“MEN WANTED for hazardous journey, small wages, bitter cold, long months of complete darkness, constant danger, safe return doubtful, honor and recognition in case of success. Ernest Shackleton, 4 Burlington Street.”
Surprisingly, his brutal honesty worked, and there were so many applicants that Shackleton had to sort through them and find the most promising adventurers.
The Imperial Trans Antarctic Expedition began in 1914 when Shackleton’s ship, Endurance, set sail for the Weddell Sea, while a second ship, Aurora, would sail to the other end of the continent and set up camp to receive Shackleton at the end of his trip. But just as Endurance reached Antarctica, things started going wrong almost immediately.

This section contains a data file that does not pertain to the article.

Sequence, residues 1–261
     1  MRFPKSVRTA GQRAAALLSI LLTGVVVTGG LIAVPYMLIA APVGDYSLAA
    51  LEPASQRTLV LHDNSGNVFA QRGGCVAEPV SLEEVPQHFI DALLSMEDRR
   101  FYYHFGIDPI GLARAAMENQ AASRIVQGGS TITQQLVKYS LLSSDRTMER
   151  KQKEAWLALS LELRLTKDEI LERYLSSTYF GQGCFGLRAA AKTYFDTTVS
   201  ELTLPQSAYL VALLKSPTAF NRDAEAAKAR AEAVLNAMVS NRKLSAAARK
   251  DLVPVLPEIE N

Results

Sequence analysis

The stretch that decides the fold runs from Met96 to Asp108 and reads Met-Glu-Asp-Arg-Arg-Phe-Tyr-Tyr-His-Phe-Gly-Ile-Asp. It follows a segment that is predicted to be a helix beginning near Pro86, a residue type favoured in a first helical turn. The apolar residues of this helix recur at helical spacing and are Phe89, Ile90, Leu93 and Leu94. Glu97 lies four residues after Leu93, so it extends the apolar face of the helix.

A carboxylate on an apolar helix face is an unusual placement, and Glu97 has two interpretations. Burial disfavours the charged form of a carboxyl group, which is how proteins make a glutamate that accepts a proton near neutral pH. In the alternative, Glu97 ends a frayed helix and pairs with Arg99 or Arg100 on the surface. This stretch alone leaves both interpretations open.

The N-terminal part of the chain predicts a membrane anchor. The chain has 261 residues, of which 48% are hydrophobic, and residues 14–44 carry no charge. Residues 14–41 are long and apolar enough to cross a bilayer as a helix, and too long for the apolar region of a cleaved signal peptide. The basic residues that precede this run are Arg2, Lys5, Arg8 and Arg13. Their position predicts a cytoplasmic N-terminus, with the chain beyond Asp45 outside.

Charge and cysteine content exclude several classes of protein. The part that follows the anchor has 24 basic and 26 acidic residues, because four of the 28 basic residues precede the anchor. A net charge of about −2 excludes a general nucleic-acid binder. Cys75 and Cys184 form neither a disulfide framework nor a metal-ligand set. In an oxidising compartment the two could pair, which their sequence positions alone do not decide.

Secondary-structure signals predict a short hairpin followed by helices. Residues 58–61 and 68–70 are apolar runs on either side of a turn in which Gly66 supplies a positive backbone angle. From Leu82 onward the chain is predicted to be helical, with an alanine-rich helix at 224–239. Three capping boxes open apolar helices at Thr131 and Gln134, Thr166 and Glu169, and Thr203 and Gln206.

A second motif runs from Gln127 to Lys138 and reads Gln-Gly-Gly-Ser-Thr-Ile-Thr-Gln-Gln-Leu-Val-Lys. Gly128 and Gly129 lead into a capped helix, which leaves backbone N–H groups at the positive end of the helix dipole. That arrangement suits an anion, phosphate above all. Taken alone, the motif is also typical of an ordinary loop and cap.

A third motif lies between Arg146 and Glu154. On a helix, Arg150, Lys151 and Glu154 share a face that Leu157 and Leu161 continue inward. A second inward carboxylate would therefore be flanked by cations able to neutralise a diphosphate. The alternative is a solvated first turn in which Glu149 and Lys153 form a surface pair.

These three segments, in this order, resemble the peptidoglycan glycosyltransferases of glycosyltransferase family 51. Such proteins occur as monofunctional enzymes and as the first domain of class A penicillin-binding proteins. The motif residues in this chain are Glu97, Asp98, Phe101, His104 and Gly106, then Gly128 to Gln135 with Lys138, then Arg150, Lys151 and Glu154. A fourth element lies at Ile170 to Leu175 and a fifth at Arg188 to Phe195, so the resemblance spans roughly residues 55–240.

Just as Shackleton’s ship reached the continent, it became stuck in the pack ice that surrounds Antarctica, much like his experience on Discovery years earlier. Shackleton ordered his men to use every tool at their disposal to free the ship, and the entire crew was busy for days hacking away with ice picks, pickaxes, and anything remotely sharp from the kitchen, but it was futile, the ice was only growing thicker. Seeing that there was no hope of freeing the ship until spring, he ordered that the ship be turned into a winter camp until the ice melted enough to continue toward mainland Antarctica.
As they waited for spring, Endurance gently drifted along with the ice in which it was frozen, and all the while the crew hunkered down in their cabins through the pitch-black winter. Shackleton understood the importance of high morale in his men, so to keep their spirits high he told them to take walks when the moon was brightest, amateur theatre performances were attempted on the deck, and holidays were celebrated. They even held races among their sled dogs to stay entertained.